• Large theropods are represented mainly by Tyrannosaurus rex (the undisputed dino-star of the show), with Allosaurus making only a brief apparition. Both roar continuously, but only the allosaur tries to eat the human.
    • The chosen dromaeosaurids were Deinonychus and Dromaeosaurus (Velociraptor became stock just that year). Both are featherless, and the latter are portrayed as pack-hunters that attack a much larger animal, rip its flesh with their sickle claws and begin to eat it alive. Deinonychus is also wrongly portrayed living in the Late Cretaceous, and its puppet gets re-used for Dromaeosaurus.
    • Other small theropods include Coelophysis (the show opener), a featherless and egg-stealing (but also crestless) Oviraptor, and a brief apparition of also-featherless Struthiomimus.
    • The sauropods are almost always Brontosaurus (actually more similar to Diplodocus). In the first episode, one brontosaur almost hits the human with its tail. Brachiosaurus is only briefly shown. The robotic Brontosaurus later gets reused for Mamenchisaurus. The prosauropod Plateosaurus is portrayed too - mostly quadrupedal, and to show the rise to power of dinosaurs.
    • A sleeping Stegosaurus, inaccurately postured, is accidentally woken by the human in the first episode and reacts. Ankylosaurus shows up only in the last episode (about dinosaur extinction), and is unusually accurate (except for the tail club which is two-lobed like Euoplocephalus).
    • Triceratops is the chosen ceratopsid. It doesn’t battle with T. rex, but in the 2nd episode one young is eaten alive by the theropod in a heartbreaking scene. In the same episode, one adult female chases the human away from her nest. Protoceratops appears only in the form of eggs eaten by Oviraptor. Two oversized (8 m long) Pachycephalosaurus headbutt each other.
    • Hadrosaurs show up in all four episodes, in the usual role of prey for T. rex and "raptors" (and also for the giant croc Deinosuchus, who fails the attack). No fewer than four kinds appear: Parasaurolophus, Corythosaurus, Edmontosaurus and “Anatosaurus” (the latest two were still considered distinct at the time). Strangely, the documentary forgets to mention just the most iconic European dinosaur, Iguanodon.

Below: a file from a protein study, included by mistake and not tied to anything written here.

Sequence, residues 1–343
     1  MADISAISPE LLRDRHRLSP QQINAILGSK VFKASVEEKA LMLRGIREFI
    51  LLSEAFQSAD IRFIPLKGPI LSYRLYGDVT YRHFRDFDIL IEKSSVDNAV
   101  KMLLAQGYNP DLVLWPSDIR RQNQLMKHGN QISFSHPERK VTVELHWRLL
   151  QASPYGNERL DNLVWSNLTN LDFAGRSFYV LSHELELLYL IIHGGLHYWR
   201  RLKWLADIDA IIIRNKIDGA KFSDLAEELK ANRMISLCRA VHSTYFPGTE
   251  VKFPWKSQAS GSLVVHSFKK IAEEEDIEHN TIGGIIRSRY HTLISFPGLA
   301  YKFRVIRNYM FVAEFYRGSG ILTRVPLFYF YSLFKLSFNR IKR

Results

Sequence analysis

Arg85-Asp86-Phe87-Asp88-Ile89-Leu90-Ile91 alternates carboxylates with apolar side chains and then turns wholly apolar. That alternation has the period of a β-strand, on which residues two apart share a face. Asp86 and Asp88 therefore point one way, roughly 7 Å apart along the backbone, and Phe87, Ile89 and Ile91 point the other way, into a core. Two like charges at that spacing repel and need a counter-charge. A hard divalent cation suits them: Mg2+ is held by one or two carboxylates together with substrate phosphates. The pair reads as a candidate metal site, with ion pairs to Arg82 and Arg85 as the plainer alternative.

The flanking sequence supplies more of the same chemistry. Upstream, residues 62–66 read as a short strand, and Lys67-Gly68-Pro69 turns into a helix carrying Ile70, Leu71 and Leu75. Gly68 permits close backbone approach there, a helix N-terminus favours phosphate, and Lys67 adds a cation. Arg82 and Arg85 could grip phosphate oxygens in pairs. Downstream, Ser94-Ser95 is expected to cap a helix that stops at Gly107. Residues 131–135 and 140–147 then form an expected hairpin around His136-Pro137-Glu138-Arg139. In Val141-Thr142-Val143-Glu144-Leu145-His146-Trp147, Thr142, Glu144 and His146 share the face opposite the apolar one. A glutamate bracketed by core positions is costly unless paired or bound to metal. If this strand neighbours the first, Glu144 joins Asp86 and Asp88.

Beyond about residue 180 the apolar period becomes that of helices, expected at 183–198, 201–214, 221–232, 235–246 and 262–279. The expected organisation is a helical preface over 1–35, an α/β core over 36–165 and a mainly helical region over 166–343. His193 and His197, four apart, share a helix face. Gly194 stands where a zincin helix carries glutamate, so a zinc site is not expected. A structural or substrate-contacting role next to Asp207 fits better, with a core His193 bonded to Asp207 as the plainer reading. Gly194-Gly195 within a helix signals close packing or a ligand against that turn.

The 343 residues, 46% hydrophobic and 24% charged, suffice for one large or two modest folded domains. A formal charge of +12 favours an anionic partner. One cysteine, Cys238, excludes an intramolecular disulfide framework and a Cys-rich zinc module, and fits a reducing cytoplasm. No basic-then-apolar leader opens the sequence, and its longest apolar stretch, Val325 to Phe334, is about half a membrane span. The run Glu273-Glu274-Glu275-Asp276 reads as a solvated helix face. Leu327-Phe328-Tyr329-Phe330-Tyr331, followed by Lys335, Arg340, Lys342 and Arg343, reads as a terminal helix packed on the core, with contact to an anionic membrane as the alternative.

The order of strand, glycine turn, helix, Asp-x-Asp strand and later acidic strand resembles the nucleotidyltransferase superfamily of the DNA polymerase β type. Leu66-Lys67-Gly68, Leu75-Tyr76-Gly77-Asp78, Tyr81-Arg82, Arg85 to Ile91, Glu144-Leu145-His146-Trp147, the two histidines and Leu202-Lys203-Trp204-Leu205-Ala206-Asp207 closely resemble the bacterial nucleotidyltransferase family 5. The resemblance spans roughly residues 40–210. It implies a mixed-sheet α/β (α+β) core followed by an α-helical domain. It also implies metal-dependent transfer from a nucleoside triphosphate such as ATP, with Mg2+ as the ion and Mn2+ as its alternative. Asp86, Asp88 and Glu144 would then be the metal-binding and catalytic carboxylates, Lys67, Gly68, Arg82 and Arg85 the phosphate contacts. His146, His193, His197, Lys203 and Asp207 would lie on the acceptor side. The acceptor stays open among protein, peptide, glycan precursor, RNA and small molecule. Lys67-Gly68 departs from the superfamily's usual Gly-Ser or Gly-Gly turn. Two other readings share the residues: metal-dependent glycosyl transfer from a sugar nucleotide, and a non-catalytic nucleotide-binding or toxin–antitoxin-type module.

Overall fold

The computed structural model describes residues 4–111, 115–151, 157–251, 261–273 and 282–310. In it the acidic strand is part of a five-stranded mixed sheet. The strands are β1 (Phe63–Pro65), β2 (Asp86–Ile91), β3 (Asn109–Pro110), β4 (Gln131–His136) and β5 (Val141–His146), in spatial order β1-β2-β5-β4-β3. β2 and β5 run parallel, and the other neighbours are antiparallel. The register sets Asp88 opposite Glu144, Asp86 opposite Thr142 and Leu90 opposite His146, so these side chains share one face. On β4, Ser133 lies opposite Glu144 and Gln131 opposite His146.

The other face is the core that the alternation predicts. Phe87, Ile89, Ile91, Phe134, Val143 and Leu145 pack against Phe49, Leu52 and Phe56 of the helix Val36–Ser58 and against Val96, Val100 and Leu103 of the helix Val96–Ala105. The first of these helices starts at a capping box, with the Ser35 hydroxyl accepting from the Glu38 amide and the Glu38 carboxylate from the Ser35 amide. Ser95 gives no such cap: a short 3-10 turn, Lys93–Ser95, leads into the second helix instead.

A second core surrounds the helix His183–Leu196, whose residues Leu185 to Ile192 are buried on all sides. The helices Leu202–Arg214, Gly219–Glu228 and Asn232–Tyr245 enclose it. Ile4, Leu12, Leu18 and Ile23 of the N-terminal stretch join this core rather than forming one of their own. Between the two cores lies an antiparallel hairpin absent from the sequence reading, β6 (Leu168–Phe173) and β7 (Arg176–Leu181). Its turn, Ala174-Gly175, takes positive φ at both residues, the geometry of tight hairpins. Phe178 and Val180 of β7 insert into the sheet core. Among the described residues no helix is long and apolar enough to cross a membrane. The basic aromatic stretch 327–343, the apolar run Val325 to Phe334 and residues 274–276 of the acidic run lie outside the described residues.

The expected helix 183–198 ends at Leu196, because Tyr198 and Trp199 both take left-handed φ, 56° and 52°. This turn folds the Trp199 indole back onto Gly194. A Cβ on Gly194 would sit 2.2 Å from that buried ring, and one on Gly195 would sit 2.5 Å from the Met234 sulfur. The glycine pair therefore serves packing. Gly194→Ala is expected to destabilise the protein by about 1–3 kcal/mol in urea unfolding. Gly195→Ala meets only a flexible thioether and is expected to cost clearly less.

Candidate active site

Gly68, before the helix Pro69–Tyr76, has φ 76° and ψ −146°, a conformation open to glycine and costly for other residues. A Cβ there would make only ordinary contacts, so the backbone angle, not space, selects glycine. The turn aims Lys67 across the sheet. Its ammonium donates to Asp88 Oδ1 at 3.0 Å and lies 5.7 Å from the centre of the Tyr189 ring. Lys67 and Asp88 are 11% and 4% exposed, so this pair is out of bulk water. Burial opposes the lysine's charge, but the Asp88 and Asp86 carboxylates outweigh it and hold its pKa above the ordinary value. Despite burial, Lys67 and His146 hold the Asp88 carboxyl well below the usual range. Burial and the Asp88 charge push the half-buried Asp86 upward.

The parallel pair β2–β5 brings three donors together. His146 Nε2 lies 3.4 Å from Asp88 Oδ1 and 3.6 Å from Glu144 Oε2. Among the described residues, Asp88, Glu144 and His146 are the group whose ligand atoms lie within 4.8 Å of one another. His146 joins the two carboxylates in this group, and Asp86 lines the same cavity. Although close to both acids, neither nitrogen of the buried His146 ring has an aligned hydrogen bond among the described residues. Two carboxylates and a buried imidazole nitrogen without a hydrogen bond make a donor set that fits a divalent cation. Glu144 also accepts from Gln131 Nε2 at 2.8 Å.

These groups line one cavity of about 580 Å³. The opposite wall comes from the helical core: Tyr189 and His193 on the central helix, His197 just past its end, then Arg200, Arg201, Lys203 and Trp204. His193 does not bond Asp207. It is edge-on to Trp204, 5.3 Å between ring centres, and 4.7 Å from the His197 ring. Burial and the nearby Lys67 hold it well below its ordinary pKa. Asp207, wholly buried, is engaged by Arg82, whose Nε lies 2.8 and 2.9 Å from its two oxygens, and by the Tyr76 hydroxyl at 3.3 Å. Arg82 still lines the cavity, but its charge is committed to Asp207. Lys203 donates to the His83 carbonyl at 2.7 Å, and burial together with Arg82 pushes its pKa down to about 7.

• The third episode is specially dedicated to pterosaurs and sea reptiles. The chosen pterosaurs are Rhamphorhynchus, Pterodactylus, Pteranodon, and Quetzalcoatlus. Sea reptiles are Ichthyosaurus, Elasmosaurus (with flexible neck), and Kronosaurus, who collides with the human’s submarine in one scene. (Liopleurodon became stock only after WWD). The most remembered scene, however, is the human hang gliding near a gigantic Quetzalcoatlus and getting attacked by the latter.
    • Fossil pieces shown in the studio include a Triceratops skull, but also the Deinocheirus arms, a Therizinosaurus claw, and an "Ultrasaurus" limb. Many other animals are mentioned: among them, Protoceratops (included the famous skeleton clutched with Velociraptor) Styracosaurus, pterosaurs, Archaeopteryx, Ichthyornis, Hesperornis, mosasaurs, plesiosaurs, armored fish, trilobites, Dimetrodon, therapsids and some small Mesozoic mammals.
  • Paleoworld (1994-1997) ran for 50 episodes and thus got to focus on many non-stock dinosaurs. It covered things from obscure island giant rat species to T. rex. It used some old animatronics and painting close ups to show its various prehistoric animals.
    • The show was repackaged from 1998 to 1999 as Bonehead Detectives of the Paleoworld for a younger market.
  • Planet of Life (1995) averted this trope. The only stock dinosaurs that appear are Edmontosaurus and Triceratops—and they're both ancillary to the episode they appear in. Instead, we get a focus on the development of plants through time. An episode is devoted to bacterial evolution into the cell, another on the Cambrian Explosion (featuring Pikaia, Anomalocaris, Opabinia, Hallucigenia and many others, but the mentioned ones are the iconic animals of the age), another on the development of fish to amphibians (featuring some of the usual suspects but also Pteraspis and Cheirolepis), the evolution of Birds (featuring Confuciusornis as well as Archeopteryx), the evolution of flowering plants and the final one focused on human evolution.
  • The Ultiamte Guide: T-Rex (1995) manages to go into very decent detail about the life, environment and evidence regarding Tyrannosaurus Rex. It was the series' only entry on dinosaurs.